Question about CD burning 12 replies

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FileTrekker Super Administrator

I'm spending a year dead for tax reasons.

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15th December 2002

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#11 14 years ago

"At present, stated CD-R lifetimes are only estimates based on accelerated aging tests as the technology has not been in existence long enough to verify the upper range. With proper care it is thought that CD-Rs should be readable one thousand times or more and have a shelf life of several hundred years. Unfortunately, some common practices can reduce shelf life to only one or two years. Therefore, it is important to handle and store CD-Rs properly if you wish to read them more than a year or so later." "Burned CD-Rs suffer from material degradation, just like most writeable media. Optical discs commonly used for burning, such CD-R and CD-RW have a recording surface consisting of a layer of dye that can be modified by heat to store data. The degradation process can result in the data "shifting" on the surface and thus becoming unreadable to the laser beam." Recommended care and storage practices for archival CD-Rs include:

  • Store vertically in jewel cases or slim-line cases, one disc to a spindle. Archival cases use a ridged ring which grips the disc and prevents the recording surface from touching the surface of the case.
  • Avoid bending the disc. To remove a CD-R from a jewel case, press down on the hub while gently gripping the edges of the disc; you should be able to simply lift the disk out of the case.
  • Always hold a CD-R by lightly gripping the edges of the disc. Try to avoid getting fingerprints on the data side of the disc.
  • Store in a cool, dry place. Optimal temperature range is 5-20°C (41-68°F). Optimal relative humidity range is 30-50%. These values should not be allowed to change rapidly.
  • Avoid direct sunlight. Sunlight can heat a jewel case and indirectly thermally stress the disc itself. Direct UV radiation on either side of the disc itself can degrade the dye layer in a CD-R. On the other hand, smaller doses of X-ray radiation, from airport screening for example, and magnetism should not affect a CD-R.
  • If possible, use only a felt-tip water-based marker to mark the label side of the CD-R. The best place to label a CD-R is the clear inner part near the center. Alcohol-based markers are thought to be less harmful than xylene or toluene-based markers. Typical permanent markers are xylene or toluene based and should never be used to label optical media. Many vendors sell marking pens which are safe to use to label optical storage media.
  • Paper labels should be applied to the outside of the jewel case, not to the label side of the CD-R itself. Over time, solvents in the paper, adhesives and inks can all degrade the disc. Labels applied unevenly to the disc can also cause the CD-R to wobble in high speed players potentially causing read errors and/or destroying the player!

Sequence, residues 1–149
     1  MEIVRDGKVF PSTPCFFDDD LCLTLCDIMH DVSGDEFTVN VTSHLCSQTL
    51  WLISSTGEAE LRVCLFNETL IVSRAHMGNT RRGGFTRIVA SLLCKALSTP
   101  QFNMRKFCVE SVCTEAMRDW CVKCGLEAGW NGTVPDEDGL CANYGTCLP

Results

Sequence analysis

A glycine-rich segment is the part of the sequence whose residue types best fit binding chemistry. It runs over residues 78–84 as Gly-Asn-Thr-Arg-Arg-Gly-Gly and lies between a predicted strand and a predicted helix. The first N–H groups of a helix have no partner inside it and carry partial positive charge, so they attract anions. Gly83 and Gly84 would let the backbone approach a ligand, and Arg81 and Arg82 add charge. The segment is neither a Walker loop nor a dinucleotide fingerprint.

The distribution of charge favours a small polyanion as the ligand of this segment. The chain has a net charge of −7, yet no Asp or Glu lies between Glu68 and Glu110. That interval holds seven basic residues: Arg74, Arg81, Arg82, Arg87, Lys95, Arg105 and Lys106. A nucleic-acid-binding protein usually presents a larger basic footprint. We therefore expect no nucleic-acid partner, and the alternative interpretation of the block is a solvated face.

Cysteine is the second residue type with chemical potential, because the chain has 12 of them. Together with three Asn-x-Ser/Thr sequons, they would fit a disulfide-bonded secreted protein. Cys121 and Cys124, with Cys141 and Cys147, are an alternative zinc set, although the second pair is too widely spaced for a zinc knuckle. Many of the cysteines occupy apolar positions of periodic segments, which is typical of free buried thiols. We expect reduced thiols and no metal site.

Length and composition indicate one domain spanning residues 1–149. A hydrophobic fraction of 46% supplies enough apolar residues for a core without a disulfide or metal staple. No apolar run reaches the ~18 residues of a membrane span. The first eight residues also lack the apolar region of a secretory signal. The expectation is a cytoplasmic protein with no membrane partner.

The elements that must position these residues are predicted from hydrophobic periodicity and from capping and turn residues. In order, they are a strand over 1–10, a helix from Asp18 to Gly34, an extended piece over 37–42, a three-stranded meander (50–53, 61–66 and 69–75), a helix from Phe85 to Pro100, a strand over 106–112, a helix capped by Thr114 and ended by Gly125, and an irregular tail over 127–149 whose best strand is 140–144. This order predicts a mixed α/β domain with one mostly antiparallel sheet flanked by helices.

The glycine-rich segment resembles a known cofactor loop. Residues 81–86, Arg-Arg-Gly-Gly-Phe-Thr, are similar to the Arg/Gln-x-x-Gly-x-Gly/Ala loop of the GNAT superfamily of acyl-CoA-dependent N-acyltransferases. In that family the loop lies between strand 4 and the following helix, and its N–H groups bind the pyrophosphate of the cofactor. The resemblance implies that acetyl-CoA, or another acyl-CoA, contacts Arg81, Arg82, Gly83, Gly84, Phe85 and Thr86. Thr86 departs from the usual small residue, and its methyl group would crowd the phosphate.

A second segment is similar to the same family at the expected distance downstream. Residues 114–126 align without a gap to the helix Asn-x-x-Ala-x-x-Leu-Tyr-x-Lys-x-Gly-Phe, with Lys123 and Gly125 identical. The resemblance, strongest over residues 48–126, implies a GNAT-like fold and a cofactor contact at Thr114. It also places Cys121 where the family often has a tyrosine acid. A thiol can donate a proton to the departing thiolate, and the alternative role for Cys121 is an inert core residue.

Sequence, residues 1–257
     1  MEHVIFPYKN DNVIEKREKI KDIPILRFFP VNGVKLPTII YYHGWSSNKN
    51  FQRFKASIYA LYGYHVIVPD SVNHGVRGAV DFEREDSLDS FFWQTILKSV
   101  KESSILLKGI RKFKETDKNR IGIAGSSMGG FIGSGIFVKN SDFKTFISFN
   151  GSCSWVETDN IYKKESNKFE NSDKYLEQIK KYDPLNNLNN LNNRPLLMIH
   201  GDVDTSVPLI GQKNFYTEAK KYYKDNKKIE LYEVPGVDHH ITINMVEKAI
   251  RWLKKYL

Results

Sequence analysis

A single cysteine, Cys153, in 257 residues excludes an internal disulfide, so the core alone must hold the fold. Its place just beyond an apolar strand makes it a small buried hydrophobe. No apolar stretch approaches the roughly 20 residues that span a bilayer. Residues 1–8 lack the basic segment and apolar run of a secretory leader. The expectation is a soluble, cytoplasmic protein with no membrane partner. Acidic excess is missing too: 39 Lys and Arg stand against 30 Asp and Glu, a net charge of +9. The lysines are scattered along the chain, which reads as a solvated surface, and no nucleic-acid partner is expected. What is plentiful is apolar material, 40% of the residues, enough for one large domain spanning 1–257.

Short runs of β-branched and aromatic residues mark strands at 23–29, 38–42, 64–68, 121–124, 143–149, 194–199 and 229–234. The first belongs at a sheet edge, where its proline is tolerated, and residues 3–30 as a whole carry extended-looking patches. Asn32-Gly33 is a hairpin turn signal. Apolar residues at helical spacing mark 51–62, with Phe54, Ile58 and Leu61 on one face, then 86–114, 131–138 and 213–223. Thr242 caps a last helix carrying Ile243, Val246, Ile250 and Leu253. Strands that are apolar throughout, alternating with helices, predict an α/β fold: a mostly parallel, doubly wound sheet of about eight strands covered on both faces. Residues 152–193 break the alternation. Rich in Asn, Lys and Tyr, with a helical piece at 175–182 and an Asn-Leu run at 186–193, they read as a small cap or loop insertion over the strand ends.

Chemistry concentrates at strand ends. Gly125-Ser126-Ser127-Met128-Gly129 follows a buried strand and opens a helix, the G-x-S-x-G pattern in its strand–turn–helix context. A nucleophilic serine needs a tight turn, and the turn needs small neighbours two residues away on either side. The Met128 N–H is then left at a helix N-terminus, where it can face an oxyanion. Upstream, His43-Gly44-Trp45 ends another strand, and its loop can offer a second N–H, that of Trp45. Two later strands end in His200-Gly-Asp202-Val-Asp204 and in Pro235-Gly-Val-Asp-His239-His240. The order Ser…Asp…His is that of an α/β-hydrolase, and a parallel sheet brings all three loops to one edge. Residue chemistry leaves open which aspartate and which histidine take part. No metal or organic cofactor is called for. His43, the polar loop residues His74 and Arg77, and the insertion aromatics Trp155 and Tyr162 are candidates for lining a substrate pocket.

• Avoid scratching either side of a CD-R. Perhaps counterintuitively even minor scratches on the label side can damage a disc, as the layer of plastic between the label side and the reflective layer is much thinner than the other side. Because CD-Rs use error-correcting codes, minor scratches on the data side should not render the disc unreadable, unless there are many of them close together. Deep scratches on the data side can interfere with the focus of the laser and render a disc unreadable. Scratches from rim to center are less harmful than concentric circular scratches. Writing on the label side of CD-R with a ballpoint pen can destroy it.
  • While not water proof, CD-Rs are not greatly affected by exposure to water unless they have inkjet printing on the label side. Water will cause any inkjet printing to run unless it is protected by an outer layer.
  • Use 650MB or 500MB CD-Rs. CD-Rs with capacities over 650MB achieve their higher capacities by reducing the track width below the minimum values specified in the CD standards, so their long term readability is less well tested.

Danny King | Editor-in-Chief | 


Network \"Hitman\"

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4th November 2002

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#12 14 years ago

I find that if I store mine in used Pie Tins, they tend to last longer. Unfortunately I have not perfected this process, as the current generation of CD readers cannot see through sticky pie filling


I pretend I'm cooler than AzH

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20th February 2006

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#13 14 years ago
NoOdLeI find that if I store mine in used Pie Tins, they tend to last longer. Unfortunately I have not perfected this process, as the current generation of CD readers cannot see through sticky pie filling


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